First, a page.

The real danger from eating processed meat, such as deli slices and hot dogs, may not the meat itself but their salt and chemical preservatives, a new study suggests.

The study from Harvard researchers found that eating a diet high in processed meats significantly raised the risks of heart attacks and diabetes, but that eating regular, unprocessed meat did not.

The researchers say when they looked at the nutrients in red meat and in processed meats, they contained similar amounts of saturated fat and cholesterol. But the processed meats contained, on average, four times more sodium and 50 per cent more nitrate preservatives.

"This suggests that differences in salt and preservatives, rather than fats, might explain the higher risk of heart disease and diabetes seen with processed meats, but not with unprocessed red meats," said Renata Micha, the lead author of the study and a research fellow in the department of epidemiology at the Harvard School of Public Health.

Dietary sodium is known to raise blood pressure, which is a strong risk factor for heart disease, the researchers note. And nitrate preservatives have been shown to promote artery clogging in animals, as well as reduce glucose tolerance, both of which could increase risk of heart disease and diabetes.

For the study, appearing in the journal Circulation, Micha's team systematically reviewed nearly 1,600 studies on diet and health. They narrowed it down to 20 observational studies that included a total of 1.2 million individuals from 10 countries.

They found that, on average, each daily serving of processed meat (about one to two slices of deli meats or one hot dog) was associated with a 42 per cent higher risk of developing heart disease and a 19 per cent higher risk of developing diabetes.

In contrast, eating unprocessed red meat did not appear to raise the risk of developing heart disease or diabetes.

The researchers say this is the first study to analyze the health risk differences between red meat and processed meat.

The team wanted to look at the relationship between eating meat and risk of stroke but there were too few studies to draw any conclusions.

Dariush Mozaffarian, a co-author of the study and an assistant professor in the department of epidemiology said the studies they used were long-term observational studies and so cause and affect is difficult to establish.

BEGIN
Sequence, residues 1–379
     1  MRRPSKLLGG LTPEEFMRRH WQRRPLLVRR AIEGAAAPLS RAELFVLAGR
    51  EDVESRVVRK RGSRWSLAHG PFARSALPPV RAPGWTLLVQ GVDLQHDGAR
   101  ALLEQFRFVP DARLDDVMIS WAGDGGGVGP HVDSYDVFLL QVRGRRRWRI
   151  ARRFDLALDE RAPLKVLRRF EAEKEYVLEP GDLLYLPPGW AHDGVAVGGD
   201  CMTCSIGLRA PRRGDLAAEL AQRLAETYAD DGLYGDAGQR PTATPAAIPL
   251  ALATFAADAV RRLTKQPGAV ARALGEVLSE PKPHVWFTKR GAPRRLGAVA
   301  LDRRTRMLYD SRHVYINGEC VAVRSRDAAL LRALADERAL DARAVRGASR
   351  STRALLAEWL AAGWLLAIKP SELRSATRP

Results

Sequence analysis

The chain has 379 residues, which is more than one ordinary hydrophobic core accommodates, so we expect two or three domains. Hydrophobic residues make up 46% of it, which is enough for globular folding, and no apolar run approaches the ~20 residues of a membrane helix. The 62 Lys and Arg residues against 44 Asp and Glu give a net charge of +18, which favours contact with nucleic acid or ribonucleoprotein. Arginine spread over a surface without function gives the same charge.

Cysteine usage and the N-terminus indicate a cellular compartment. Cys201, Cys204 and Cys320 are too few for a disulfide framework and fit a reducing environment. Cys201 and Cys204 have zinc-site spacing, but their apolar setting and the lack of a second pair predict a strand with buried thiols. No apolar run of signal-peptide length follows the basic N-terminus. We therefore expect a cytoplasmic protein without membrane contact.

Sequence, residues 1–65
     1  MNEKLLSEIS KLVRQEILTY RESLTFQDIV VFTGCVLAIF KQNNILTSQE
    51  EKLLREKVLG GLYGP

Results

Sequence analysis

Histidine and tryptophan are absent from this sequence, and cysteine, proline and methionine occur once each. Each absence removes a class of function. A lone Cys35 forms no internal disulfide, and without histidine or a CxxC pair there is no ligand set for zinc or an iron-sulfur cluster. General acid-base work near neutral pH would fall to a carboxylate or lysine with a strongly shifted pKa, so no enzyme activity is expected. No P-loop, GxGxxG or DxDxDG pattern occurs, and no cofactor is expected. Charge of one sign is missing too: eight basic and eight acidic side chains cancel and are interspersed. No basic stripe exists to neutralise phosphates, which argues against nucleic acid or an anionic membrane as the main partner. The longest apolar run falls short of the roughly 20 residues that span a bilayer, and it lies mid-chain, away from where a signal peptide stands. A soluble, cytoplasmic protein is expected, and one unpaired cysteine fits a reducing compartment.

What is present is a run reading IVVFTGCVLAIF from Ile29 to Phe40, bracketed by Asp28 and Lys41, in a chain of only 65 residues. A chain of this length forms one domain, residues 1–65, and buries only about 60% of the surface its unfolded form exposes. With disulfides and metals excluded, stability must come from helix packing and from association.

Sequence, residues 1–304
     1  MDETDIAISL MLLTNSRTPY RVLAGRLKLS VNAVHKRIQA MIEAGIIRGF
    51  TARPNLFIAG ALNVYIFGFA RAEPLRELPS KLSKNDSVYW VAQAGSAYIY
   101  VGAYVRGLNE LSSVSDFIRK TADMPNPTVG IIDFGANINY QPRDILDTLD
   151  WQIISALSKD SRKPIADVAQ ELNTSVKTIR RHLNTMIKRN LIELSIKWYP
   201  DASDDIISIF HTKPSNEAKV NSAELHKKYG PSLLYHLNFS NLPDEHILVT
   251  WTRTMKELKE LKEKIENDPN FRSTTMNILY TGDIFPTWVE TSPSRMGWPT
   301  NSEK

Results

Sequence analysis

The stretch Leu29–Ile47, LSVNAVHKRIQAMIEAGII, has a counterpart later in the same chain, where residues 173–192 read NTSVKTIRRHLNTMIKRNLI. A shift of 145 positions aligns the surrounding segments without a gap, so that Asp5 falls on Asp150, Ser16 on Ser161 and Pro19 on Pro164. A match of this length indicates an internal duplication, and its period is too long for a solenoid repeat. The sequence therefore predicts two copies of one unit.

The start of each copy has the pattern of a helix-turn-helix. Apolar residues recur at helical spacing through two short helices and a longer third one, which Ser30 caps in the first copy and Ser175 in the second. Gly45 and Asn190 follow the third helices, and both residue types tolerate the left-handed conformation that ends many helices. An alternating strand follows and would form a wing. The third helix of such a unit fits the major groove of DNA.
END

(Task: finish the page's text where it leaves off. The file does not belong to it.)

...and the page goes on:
But he noted that all the lifestyle factors between the groups that ate unprocessed red meat and processed meats were similar, yet only processed meats were linked to higher risk.

The team says that given their findings, people should decrease their intake of processed meats like bacon, sausages, hot dogs and processed deli to just once a week or so.

"Based on our findings, eating one serving per week or less would be associated with relatively small risk," Micha said.

They also called for further study into the differences between red meat and processed meat. For example, they note that while a high intake of meat and processed meat has been linked to colorectal cancer, unprocessed red meat has not been separately evaluated.

The American Meat Institute Foundation responded to the study by saying that epidemiological studies such as this one are poor at defining cause and effect, noting that nay number of other factors might be responsible for the findings they made.

"Too often, epidemiological findings are reported as ‘cased closed' findings, as if a researcher has discovered the definitive cause of a disease or illness," AMIF President James H. Hodges said in a statement.

"At best, this hypothesis merits further study. It is certainly no reason for dietary changes."